Intercession and Spiritual Warfare
Pastor Keith Hassell
Intercessors are a great gift to the body of Christ.
As a pastor I am thankful for every person who feels a special calling to intercede for me and for the church I pastor.
I recognize that intercessors have played a key role in what God has done and is doing.
The place of spiritual warfare in intercession has become a very popular and debated topic in the body of Christ in the last few years.
People are acknowledging that their battle is not against flesh and blood but against evil spiritual powers in heavenly places.
The war against satanic forces has moved from the realm of casting out demons to actual warfare in the heavenly realm through prayer, worship, and prophetic acts.
The concept of intercessory prayer has moved from praying for individuals and circumstances to direct confrontations with demonic powers in the heavenly places.
*Casualties of War*
In recent years spiritual warfare rallies and conferences have been organized to directly challenge and wage war on ruling principalities and powers over regions.
The testimonies of believers and intercessors who have entered the realm of spiritual warfare have been a mixture of both triumph and defeat.
Most are victorious testimonies of breakthrough.
However, some also testify of very devastating repercussions from the enemy.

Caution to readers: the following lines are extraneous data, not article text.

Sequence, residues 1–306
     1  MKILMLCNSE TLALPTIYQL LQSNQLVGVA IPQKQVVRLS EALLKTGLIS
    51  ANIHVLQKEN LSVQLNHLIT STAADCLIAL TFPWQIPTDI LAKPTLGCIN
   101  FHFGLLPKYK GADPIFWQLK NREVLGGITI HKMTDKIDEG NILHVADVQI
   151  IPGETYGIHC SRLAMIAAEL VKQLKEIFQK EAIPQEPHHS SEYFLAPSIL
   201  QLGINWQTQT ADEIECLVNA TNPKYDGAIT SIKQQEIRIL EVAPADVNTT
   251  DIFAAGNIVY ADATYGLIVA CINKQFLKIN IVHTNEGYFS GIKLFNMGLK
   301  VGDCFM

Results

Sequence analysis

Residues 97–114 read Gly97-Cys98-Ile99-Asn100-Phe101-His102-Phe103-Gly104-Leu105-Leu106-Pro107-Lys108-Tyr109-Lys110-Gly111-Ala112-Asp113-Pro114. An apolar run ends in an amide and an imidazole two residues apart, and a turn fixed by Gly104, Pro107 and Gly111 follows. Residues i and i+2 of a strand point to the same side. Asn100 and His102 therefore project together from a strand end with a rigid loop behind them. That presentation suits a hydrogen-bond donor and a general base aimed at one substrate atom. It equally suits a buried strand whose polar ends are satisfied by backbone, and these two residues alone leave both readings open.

Personally I have seen how Satan has targeted pastors, intercessors, and churches that have entered into spiritual warfare.
These “counter attacks” at times seem to be more than mere coincidence.
People who say they have received demonic counter attacks as a result of spiritual warfare point to things such as sickness, disease, financial setbacks, mood swings, problems in the marriage, problems with the children, divorce, oppression, depression, great temptation, tormenting fear, bad dreams, disunity in the church, problems among intercessors, church splits, deception, and even destruction.
Some teach that we have been commissioned and empowered to wage war in the heavenly realm while others teach that we should avoid spiritual warfare all together.
What is the truth?
How should we approach this subject of spiritual warfare?
Is it scriptural?
Is it possible to maintain spiritual victory without experiencing the counter attacks of the devil?
Is there reason to fear?
Let me state that my purpose here is not to exhaust the subject of intercession and spiritual warfare or to discuss issues such as travail, manifestations, or where and when to intercede.